It might have been predicted two weeks ago: In the end, after weeks of negotiations and tinkering with the bill, senators landed on the most simple compromise possible. 

Congress Contemplates Continuity

My colleague Harvest kindly wrote an item for Uphill readers this week on a interesting (if slightly morbid) hearing:

It’s the kind of question most lawmakers don’t want to consider, or even speak aloud: What happens if disaster—natural or manmade—incapacitates or kills members of Congress en masse? 

Despite the unpleasant topic, the Select Committee on the Modernization of Congress chose to face the question head-on in a two-hour hearing this week that featured a panel of expert witnesses for whom the deadly serious nature of the subject hits home. 

Former Rep. Mike Bishop, a Republican from Michigan, stood next to home plate when a lone gunman opened fire at a congressional Republican baseball practice in Alexandria, Virginia, in 2017. Louisiana Rep. Steve Scalise was critically injured.

“I couldn’t believe it took this event to make me realize the implications of a planned attack,” Bishop told the committee of the baseball shooting. He also was aboard a train to a GOP policy retreat in West Virginia the following year when the train derailed.

Former Rep. Brian Baird, a Democrat from Washington, remembered watching from his office in the U.S. Capitol as a fireball bloomed from the Pentagon on Sept. 11, 2001.

Former Florida Democratic Rep. Donna Shalala testified about serving as the designated survivor during the State of the Union in 1996, when she was secretary of Health and Human Services.

And for the lawmakers on the committee, a more recent event lends urgency to the issue: the attack on the Capitol on January 6, 2021.

“I’ve studied this for two decades, in extensive detail,” Baird told The Dispatch after the hearing. “If there’s a lesson from the past two decades, the lesson is that one, threats are real. September 11. The anthrax attack. The attempted assassination of Gabby Giffords. The attempted assassination at the Republican congressional baseball [practice], a pandemic, and then insurgency in the Capitol. That’s six major instances in which we, frankly, got away lucky, as bad as they were. So the first lesson is we are more vulnerable than people wish to believe. And that threat is only increasing.”

The problem is only growing more acute: Capitol Police officials cite massive increases in death threats and violent messages to members of Congress in the past few years. Per Roll Call, Capitol Police estimated reviewing 9,600 disconcerting messages and direct threats against lawmakers in 2021, compared to 8,613 the year prior. In 2017, that number was 3,939 threats. 

“The possibility of a Congress without a Capitol and without its members is obviously something none of us want to contemplate. But as representatives of the people, we need to,” said Rep. Derek Kilmer, chair of the committee.

The hearing primarily focused on the House’s current system. The problem, experts argued, is time. The Constitution specifies that House vacancies are filled via special elections. Seats open for a variety of reasons: death, resignation, retirement, an election or appointment to other positions, and, in rare circumstances, expulsion. But the special election process to fill House seats can take anywhere from a couple of months to half a year, leaving the people of districts with vacant seats without voting representation.

Section 8 of Title 2 of the United States Code says that in “extraordinary circumstances”—if vacancies in the House exceed 100 members—states can hold expedited special elections.

But that can still take weeks, or, according to the statute, more than a month and a half, to accomplish. In the wake of an emergency, Congress might act quickly to enact changes with nationwide ramifications—such as shortly after Sept. 11, when a spate of laws passed authorizing a military response and overhauling airport security, among other changes.

The experts who testified this week put forward several recommendations to make sure Congress can continue its work during crises. One suggestion: a constitutional amendment that would allow House members to appoint temporary replacements in advance to take their place after a catastrophe.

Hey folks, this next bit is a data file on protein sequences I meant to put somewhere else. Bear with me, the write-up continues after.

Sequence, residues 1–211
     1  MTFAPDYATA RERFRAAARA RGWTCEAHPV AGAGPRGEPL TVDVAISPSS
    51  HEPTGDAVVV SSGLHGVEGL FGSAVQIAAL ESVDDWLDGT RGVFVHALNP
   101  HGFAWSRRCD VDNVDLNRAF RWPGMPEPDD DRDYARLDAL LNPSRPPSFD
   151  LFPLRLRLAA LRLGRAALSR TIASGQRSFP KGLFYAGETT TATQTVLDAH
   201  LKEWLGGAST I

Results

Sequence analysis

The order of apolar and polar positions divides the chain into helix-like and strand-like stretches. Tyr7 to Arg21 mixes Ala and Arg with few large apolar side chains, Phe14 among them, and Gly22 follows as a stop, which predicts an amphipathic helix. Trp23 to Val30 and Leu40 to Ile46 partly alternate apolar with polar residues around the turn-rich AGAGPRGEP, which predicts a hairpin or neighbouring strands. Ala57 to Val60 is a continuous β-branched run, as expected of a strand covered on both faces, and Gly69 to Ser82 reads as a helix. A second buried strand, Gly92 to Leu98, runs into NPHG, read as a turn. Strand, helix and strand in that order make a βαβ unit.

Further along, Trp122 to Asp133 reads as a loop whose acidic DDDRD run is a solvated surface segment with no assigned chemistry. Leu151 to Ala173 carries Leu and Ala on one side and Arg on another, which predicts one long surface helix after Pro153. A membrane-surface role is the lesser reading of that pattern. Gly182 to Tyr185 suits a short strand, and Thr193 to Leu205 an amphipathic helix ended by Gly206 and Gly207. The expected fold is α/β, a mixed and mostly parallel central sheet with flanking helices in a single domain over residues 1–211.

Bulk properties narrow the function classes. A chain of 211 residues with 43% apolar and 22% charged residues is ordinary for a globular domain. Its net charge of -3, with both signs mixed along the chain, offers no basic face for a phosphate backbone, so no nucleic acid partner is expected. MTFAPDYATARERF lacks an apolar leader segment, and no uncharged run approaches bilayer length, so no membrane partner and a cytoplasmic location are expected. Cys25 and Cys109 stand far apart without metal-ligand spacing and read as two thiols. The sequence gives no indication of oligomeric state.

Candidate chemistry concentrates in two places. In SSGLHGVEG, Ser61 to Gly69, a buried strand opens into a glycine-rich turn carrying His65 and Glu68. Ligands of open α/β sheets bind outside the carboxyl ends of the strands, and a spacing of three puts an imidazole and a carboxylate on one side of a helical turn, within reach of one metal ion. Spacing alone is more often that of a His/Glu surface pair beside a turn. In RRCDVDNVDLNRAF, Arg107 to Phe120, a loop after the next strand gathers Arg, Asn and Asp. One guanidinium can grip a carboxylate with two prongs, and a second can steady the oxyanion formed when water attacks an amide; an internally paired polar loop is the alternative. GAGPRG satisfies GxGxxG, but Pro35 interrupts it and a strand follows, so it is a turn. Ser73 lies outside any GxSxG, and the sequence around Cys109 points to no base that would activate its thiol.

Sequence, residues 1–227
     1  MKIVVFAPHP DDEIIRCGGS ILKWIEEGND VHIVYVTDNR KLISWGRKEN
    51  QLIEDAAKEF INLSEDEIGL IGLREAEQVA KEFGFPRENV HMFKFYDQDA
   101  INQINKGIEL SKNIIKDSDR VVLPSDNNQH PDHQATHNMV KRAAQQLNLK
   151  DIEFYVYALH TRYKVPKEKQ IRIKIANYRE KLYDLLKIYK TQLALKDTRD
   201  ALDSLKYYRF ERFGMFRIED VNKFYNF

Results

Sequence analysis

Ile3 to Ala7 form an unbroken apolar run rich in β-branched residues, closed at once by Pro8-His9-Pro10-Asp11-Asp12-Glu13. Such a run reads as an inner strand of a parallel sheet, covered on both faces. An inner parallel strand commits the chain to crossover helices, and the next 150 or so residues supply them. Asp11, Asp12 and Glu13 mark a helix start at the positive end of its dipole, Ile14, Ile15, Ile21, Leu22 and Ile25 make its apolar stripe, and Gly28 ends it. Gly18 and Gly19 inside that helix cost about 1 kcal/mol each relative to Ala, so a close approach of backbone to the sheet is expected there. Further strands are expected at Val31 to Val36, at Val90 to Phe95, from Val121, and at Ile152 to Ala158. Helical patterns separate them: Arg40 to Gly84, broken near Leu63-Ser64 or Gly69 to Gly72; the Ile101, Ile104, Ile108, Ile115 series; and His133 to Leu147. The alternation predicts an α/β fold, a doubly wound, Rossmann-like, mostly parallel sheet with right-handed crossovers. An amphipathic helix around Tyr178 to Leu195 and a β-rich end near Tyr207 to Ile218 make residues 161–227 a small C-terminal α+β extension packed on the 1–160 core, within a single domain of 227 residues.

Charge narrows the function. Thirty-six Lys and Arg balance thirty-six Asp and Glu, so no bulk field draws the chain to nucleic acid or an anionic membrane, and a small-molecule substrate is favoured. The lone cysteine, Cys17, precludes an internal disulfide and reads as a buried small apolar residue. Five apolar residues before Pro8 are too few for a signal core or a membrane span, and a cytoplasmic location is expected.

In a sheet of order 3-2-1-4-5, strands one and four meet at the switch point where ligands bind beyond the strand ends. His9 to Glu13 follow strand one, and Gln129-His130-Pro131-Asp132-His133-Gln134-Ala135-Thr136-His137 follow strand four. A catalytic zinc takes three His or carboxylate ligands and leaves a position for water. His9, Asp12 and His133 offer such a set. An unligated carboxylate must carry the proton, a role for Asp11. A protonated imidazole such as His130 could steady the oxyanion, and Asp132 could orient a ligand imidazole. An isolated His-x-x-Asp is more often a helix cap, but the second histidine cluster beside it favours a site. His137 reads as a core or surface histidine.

As Baird noted, about a dozen states have already passed emergency interim succession laws requiring their state legislators to select potential successors in advance. South Carolina’s, for example, mandates that legislators designate at least three interim successors, with a specified line of succession to take over their duties if needed. This process would keep the partisan makeup of those state houses intact, with processes for special elections later.

Georgia Republican Rep. Barry Loudermilk pushed back on adopting that kind of system, saying it could lead to a sort of nepotism—appointing family members or friends. He also said he was concerned about potential new security risks by making such designations.

“Politically, I can see a lot of issues with that,” he said. “I would double my security if there was somebody who could immediately accede to that position.”

Other GOP members in attendance argued that the Constitution’s original plan—people choosing their representatives via elections—should be maintained.

The hearing also featured a discussion of how the provisional quorum rule—allowing for a majority of members to conduct business—affects this issue. One problem, known as the “quorum trap,” happens when members may be alive but unable to perform their jobs (being in a coma, for example), which would effectively leave their constituents without true representation. Another nightmare scenario (say, at the State of the Union) is if a disaster wiped out the president, vice president, and severely reduced the number of lawmakers, which could allow for a small group of remaining members to drastically overhaul the nation’s laws.

 “The most dramatic case would be one where the president and vice president are killed and these 11 remaining members would elect a new speaker of the House who would assume the presidency in the line of succession,” said Arthur B. Culvahouse, co-chair of the American Enterprise Institute’s Commission on Continuity of Government. Congress must clarify what would happen in such cases, he argued.

Lawmakers reached no particular conclusions by the end of the hearing. It’s uncertain whether the Modernization Committee—which is set to sunset this fall—or individual members will take on the issue legislatively.

“We are all on notice. We have a real problem on our hands, and we can’t afford to ignore it any longer,” Bishop testified. “We’ve dodged a bullet in the past, so to speak, but who knows when our luck will run out.”